What’s the best tax resource you’ve seen for “Independent Contractors”?
When I need tax information, I always start at the IRS’ website. More than once, I’ve seen other websites give out information that directly contradicts the IRS’ policies — and in the event of a problem, who do you think actually matters? The best starting point is the Self-Employed Individuals Tax Center, which is updated regularly as tax regulations change. It may seem a little difficult to go through the legalese that some of the forms use, but the IRS is committed to making sure that you can avoid tax troubles and even has a toll free number you can call with tax questions (800-829-4933).
As your business grows, it’s usually worthwhile to sit down with a CPA at some point, even if you consider yourself ‘just a freelancer.’ Because every person has a different tax situation, a CPA can be the only way to find potential trouble spots, especially with state and local taxes. There just aren’t a lot of great resources on state and local taxes for independent contractors, making it necessary to find a professional who you can rely on.
Rob DeHaven asks,
Are there any workflow plugins [for WordPress] to help manage approval steps and enforce policy for larger blogging staffs?
I rely heavily on the built-in roles WordPress offers to manage approval steps. Because a contributor can only write and submit posts, and not publish them, I will typically use the contributor role for most writers. From there, I (or other stakeholders) can approve the post or send it back. One plugin, WP Status Notifier can be used to notify you when ever a new post has been added. Another useful tool is Single Post Template: creating templates that your bloggers can follow can speed up the process for both of you.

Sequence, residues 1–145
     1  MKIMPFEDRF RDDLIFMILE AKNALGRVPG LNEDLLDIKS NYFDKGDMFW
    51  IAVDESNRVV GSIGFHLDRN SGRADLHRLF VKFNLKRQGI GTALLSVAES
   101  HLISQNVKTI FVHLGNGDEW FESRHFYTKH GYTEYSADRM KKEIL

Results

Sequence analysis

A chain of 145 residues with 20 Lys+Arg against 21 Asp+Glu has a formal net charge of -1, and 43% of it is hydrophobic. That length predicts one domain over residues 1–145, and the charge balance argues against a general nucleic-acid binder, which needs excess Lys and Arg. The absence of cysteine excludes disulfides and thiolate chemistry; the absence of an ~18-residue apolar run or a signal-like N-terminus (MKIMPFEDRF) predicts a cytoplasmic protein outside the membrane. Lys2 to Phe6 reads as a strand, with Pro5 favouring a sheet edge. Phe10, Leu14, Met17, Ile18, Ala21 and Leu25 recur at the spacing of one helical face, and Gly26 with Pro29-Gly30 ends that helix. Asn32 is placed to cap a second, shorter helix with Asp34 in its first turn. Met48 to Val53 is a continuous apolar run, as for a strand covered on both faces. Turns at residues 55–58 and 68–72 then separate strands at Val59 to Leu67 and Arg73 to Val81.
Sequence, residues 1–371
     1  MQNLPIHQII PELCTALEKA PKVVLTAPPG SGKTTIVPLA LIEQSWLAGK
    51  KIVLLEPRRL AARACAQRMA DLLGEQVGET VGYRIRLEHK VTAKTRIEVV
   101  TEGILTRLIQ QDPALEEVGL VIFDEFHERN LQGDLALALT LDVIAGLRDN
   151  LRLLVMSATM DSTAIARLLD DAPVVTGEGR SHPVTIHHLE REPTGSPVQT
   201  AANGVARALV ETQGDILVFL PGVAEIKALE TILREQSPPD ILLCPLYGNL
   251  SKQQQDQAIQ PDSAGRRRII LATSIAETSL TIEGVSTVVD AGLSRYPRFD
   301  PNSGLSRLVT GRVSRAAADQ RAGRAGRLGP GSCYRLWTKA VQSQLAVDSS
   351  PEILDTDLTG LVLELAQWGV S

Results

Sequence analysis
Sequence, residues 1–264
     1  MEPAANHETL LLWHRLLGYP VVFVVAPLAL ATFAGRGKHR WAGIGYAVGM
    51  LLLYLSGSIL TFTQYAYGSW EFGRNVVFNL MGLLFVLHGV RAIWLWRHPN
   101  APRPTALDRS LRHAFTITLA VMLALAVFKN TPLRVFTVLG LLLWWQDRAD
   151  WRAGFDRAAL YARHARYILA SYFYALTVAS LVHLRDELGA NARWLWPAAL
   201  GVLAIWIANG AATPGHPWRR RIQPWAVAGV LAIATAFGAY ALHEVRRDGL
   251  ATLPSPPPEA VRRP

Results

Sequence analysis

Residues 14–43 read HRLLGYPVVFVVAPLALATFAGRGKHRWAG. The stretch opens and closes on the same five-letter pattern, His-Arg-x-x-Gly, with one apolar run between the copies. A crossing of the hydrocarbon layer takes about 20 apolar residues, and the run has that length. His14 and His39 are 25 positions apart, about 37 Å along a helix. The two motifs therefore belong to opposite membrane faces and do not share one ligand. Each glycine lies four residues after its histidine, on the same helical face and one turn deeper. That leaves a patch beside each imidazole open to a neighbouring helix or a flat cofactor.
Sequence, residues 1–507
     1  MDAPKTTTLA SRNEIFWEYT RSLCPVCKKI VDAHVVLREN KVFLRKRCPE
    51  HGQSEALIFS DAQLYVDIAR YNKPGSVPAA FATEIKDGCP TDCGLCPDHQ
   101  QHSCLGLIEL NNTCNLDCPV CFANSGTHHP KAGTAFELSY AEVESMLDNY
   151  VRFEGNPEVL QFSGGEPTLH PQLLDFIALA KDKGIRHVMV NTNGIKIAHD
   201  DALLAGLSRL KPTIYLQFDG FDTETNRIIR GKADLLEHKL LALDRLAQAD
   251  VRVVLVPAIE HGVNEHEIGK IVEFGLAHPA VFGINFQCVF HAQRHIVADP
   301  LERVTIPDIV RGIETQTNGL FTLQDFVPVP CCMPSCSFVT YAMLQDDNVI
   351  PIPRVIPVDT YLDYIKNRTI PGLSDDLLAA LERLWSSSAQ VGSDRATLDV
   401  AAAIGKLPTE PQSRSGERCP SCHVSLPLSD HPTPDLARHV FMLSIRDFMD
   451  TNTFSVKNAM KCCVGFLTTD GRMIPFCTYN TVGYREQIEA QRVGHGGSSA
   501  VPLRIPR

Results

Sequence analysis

There are quite a few plugins out there that can enforce style guidelines, like Remove Double Space. Where possible, however, I actually try to avoid using such plugins. Too many plugins can, of course, slow down a WordPress-based site, and I’d rather rely on educating my bloggers on policy before relying on technology. I also have brought in a virtual assistant on occasion to handle tasks like reformatting posts.
Rob DeHaven asks,
For small startups with one employee, is it still a good idea to use, “We and Us”?
I’ve actually gotten nasty comments on blog posts in the past where I used ‘we’ and the reader was under the impression that I was talking about just myself and trying to sound important. That said, if you’ve got one employee — other than yourself — you can use ‘we.’ It’s not a bad thing to play up how small your company is if you can put it in a positive context, however: if you offer a very specialized service, maybe you and your employee are the only people out there who can actually do what you do. Exclusivity is never a bad thing.
It’s not necessary (or even helpful) to use ‘we’ and ‘us’ exclusively, though. In blog posts, social media and other situations when you’re working to build a connection with your audience, use ‘I.’ Show there’s an individual there!
Rob DeHaven asks,
Does the length of the article matter?
In high school, I had a teacher who assigned papers but refused to ever give a word count. When asked how long a paper should be, he would ask questions like “How long is a piece of string?” The answer was always, “As long as it needs to be.” That’s an incredibly frustrating suggestion to a high schooler who wants to get the paper done and get on to more entertaining things, but it’s true for most writing.
On the web, you’ll hear a lot of answers about how long an article, a blog post or any other writing needs to be. The fact of the matter is that it depends and there are no hard and fast rules. That said, here’s my approach: Unless I have a very good reason not to, I never write less than 300 words. I don’t have statistics to back me up on this one, but from some experimenting, it seems that articles shorter than 300 words have a harder time of getting picked up by search engines. I don’t think search engines ignore shorter posts or articles, but it seems likely that there’s just not enough there — keywords, links, whatever — to work with for a piece of software with no human judgment.
Got a question about the business side of writing? Leave it in the comments and I’ll answer it next week.